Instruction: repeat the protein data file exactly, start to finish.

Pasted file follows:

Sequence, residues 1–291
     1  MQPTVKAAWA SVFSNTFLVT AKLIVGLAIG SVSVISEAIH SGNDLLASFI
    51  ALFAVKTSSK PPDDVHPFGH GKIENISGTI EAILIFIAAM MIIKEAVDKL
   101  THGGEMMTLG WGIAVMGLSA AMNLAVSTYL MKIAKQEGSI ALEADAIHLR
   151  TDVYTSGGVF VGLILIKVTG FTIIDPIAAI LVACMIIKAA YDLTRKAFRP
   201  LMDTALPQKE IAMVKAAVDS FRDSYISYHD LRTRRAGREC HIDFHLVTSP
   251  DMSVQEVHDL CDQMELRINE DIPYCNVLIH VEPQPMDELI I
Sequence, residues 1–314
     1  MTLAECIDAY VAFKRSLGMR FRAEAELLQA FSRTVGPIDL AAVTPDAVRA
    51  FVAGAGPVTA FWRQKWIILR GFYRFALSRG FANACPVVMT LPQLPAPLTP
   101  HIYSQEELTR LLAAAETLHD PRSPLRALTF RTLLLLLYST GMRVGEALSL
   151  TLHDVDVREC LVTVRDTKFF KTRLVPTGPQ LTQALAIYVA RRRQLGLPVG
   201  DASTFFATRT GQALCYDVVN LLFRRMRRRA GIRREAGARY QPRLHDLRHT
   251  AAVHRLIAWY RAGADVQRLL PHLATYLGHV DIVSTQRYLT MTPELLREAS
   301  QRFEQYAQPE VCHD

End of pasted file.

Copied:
Sequence, residues 1–291
     1  MQPTVKAAWA SVFSNTFLVT AKLIVGLAIG SVSVISEAIH SGNDLLASFI
    51  ALFAVKTSSK PPDDVHPFGH GKIENISGTI EAILIFIAAM MIIKEAVDKL
   101  THGGEMMTLG WGIAVMGLSA AMNLAVSTYL MKIAKQEGSI ALEADAIHLR
   151  TDVYTSGGVF VGLILIKVTG FTIIDPIAAI LVACMIIKAA YDLTRKAFRP
   201  LMDTALPQKE IAMVKAAVDS FRDSYISYHD LRTRRAGREC HIDFHLVTSP
   251  DMSVQEVHDL CDQMELRINE DIPYCNVLIH VEPQPMDELI I
Sequence, residues 1–314
     1  MTLAECIDAY VAFKRSLGMR FRAEAELLQA FSRTVGPIDL AAVTPDAVRA
    51  FVAGAGPVTA FWRQKWIILR GFYRFALSRG FANACPVVMT LPQLPAPLTP
   101  HIYSQEELTR LLAAAETLHD PRSPLRALTF RTLLLLLYST GMRVGEALSL
   151  TLHDVDVREC LVTVRDTKFF KTRLVPTGPQ LTQALAIYVA RRRQLGLPVG
   201  DASTFFATRT GQALCYDVVN LLFRRMRRRA GIRREAGARY QPRLHDLRHT
   251  AAVHRLIAWY RAGADVQRLL PHLATYLGHV DIVSTQRYLT MTPELLREAS
   301  QRFEQYAQPE VCHD